Mechanical accuracy is a combination of many things ... tight tolerances without being too tight to cause binding .... tight barrel lockup so that the gun shoots the exact same way each time ... in the case of a 1911, the tolerances betweent the barrel and bushing, and bushing to slide matter greatly. OF course the trigger means a whole lot, but that is more related to how a shooter relates to the gun, rather than the mechanical accuracy of the weapon itself.
Certainly precision in every aspect of the machining process matters greatly, and of course that precision machining has to do with the original design drawings. If there is a flaw in the original design, no amount of precision machining can correct it ... in that case, precision machining only perpetuates the flaws.
I've found that MANY people don't understand that one gun can be considerably more accurate than another one, and those people go on and on that they can shoot gun A better than gun B, so how could gun B be more inherently more accurate ? Of course this just demonstrates the person's lack of understanding of firearm accuracy. Many don't understand how it's possible for a person to be able to 'outshoot' a given gun, either.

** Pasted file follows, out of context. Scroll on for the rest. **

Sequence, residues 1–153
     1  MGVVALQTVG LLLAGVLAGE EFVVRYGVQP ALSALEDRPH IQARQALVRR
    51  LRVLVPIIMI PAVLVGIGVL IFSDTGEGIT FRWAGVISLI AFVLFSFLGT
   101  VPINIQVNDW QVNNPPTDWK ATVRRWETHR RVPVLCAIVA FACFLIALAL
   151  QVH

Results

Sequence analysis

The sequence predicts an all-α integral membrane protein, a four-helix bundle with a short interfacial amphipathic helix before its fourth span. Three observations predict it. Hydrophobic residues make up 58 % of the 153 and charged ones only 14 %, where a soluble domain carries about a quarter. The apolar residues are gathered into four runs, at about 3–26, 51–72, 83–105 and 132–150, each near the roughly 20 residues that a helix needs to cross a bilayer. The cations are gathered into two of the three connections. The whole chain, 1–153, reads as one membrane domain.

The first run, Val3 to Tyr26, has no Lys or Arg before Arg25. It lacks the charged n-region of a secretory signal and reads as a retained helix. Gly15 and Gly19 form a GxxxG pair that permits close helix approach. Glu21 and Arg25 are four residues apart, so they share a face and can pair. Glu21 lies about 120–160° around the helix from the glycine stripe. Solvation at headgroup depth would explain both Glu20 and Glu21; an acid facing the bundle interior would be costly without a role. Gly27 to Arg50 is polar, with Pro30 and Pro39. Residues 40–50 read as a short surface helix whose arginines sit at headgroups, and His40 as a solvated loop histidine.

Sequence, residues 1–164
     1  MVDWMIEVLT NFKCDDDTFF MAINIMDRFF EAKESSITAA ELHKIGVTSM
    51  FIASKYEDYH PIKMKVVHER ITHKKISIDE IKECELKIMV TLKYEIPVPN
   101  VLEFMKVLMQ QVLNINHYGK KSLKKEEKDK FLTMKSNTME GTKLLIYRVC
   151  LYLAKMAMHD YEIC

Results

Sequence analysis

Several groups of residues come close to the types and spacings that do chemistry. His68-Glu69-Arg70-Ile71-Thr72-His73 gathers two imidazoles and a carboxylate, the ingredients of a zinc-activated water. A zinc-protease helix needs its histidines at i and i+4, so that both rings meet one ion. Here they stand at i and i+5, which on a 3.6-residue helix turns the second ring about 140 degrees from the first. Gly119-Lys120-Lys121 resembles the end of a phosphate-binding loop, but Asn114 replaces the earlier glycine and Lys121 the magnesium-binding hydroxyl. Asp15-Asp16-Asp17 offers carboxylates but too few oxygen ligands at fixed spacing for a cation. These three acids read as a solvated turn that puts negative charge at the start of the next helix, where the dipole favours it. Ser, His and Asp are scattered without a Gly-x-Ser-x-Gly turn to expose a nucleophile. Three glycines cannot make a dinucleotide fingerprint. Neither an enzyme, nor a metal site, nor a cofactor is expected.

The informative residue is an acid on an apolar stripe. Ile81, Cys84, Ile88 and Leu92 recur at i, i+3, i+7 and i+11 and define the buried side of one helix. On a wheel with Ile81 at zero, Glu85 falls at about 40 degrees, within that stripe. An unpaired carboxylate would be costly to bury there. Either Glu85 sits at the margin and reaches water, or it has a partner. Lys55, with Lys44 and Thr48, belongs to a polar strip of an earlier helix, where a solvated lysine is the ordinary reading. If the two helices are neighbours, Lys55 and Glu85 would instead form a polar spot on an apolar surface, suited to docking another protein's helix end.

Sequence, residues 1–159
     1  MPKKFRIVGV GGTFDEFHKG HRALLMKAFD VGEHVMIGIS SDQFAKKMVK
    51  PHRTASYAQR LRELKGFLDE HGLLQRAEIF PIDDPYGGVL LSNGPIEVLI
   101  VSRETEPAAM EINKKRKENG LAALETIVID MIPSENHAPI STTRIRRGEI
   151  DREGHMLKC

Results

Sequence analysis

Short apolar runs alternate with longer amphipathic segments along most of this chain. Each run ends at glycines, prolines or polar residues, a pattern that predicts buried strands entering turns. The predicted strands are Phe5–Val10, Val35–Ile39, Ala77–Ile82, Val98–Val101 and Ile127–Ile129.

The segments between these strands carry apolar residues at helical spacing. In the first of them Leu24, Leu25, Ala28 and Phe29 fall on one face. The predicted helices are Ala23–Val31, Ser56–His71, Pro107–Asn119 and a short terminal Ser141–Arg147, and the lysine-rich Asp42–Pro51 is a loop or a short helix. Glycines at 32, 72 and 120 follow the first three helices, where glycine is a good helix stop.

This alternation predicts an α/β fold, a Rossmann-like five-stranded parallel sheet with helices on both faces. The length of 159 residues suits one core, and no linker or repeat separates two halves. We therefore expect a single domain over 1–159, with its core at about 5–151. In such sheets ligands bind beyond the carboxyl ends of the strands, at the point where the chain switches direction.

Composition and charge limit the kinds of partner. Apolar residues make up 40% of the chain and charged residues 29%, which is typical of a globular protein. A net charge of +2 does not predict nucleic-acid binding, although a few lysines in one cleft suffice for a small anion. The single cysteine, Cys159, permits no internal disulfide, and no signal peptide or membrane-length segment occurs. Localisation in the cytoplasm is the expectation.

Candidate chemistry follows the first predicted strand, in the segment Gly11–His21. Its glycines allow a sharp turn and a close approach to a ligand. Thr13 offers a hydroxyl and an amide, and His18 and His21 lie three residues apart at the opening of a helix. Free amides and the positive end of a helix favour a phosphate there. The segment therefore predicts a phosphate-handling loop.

I had a discussion with a guy at the range who is a QC specialist for a company that makes pumps and pumping equipment for nuclear submarines. He maintained that the only accuracy difference between 2 rifles .... ANY TWO RIFLES ... was the amount of 'practice' that a shooter had with the rifle in question. I said ... OK Donny .... so you're telling me that ALL Rifles .... every modern rifle in existence .... if bolted into a mechanical rest so that no variables could change, would ALL shoot the same size group at 100 yards if given the same ammo and no variables could change ??? Mindblowingly .... he said YES. THis guy is inspecting pumps for our NUCLEAR SUBMARINES !! I tried to explain the concept of inherent accuracy to him, and he truly could not understand it. In his view, the only variables involved in target shooting is the shooter himself.
You can not evaluate the accuracy of a weapon by shooting a mag full at the range with your buddy;s gun. That's another thing you hear all the time ... many, many posters post things like ... 'If a Glock, or Sig, or CZ, or FN, or HK, or S&W, or XD, or whatever, is so accurate, how come when I shot my buddy's 'whatever' at the range, I couldn't shoot it as well as my Ruger 'whatever' ???? Well, I can think of about 10 things that could cause that, but I won't go into them now.
Original design, and the machining and tolerances behind it are needed for a gun to be accurate. All the parts need to work in harmony. This of course means that the parts can not batter themselves against other parts, as is the case in the SR9. I don't know what the reason for the 'peening' is in the SR9, but common sense will tell you that SOMETHING is wrong, either in the design, or the execution of the design, which is the machining and tolerances in the machining.